So much for the "low energy" example.
In your case you would need a similar circuit to charge a bank of these high voltage discharge capacitors.
The energy they store should be just over the rated limit and resistance of the coil the supply.
Means if they can provide a 400V depletion with 500A than you certainly need a coil with a matching resistance and thickness for the wire.
The discharge would be quite similar to the flashlight, with a high amp discharge tube, like those used for lightning protection.
Select a long enough one that still fits the voltage requirements as you need to add the ionising wire and "ignition" part to it while making sure said wire is protected against a possible discharge to short out the tube.
For the timing and activation of the ignition system can be done by simple means of IR sensors and detectors, a diode (maybe with a focussing lens) and a IR transistor that switches a stronger one to activate the ignition.

Why so complicated and high voltage?
Timing and power are critial.
Nothing is worse that trying to get a microprocessor in the right mood to provide consistent results here.
Changing the placements of simple IR detector to provide an interrupted beam when the projectile enters is quick, easy, reliable...
For the "flashlight" part there are certainly better options as the discharge tubes still provide a significant resistance.
But they are a really good base to experiment with and focus on the physical desgin and shape of coils, tube and projectile.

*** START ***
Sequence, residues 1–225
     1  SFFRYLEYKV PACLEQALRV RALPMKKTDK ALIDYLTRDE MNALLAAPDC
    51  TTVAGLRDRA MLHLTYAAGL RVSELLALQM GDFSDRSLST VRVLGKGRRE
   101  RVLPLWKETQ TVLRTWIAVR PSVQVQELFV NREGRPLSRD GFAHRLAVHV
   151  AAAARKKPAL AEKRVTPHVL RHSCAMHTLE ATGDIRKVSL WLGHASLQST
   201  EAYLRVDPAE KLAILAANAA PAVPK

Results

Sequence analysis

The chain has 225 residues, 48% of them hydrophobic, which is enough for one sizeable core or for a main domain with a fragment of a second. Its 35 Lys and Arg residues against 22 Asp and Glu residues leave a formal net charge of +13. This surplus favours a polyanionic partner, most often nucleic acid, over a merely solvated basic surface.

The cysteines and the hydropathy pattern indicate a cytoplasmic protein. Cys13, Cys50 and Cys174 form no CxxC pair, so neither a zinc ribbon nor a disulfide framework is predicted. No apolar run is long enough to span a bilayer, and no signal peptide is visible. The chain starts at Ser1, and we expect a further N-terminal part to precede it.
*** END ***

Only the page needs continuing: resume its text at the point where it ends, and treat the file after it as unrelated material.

Keep in mind that a magnetised projectile stores a magnetic field.
You can either try to utilise this for the next stage in terms of a higher overall magnetic pull between projectile or try compensate for i by making sure the next stage is far enough away so that the magnetic field in the projectiles is depleted.
When the coils are fired in a closed circuit you create an oscillator.
The discharge tube provides a low resistance when it is activated through a high enough voltage to create an arc inside.
Once the voltage goes below the threshold it is like an open circuit.
With the right selection the ringing or oscillation is minimised which means the effect on the projectile is minimised without the need of expensive and often sensitive power electronics.
When the basic desing works suffiently so that the losses of the tubes can be cosidered you have the timing already solved as well as the design kinks.
With that you should be able step up the power level to something that might actually work.
Assuming you made it to the stage where your new setup actually made your projectile fly further than a meter or two:
Take a new approach to the coil design and power distribution.
With the timing already solved you can utilise what is known as a "can or coin crusher".
Of course only they types with re-usable coils, not those where the coils is literally exploding in the process.
Look it up once you are there and know what power levels you really need for the mass of your projectile and the lenght of your system ;)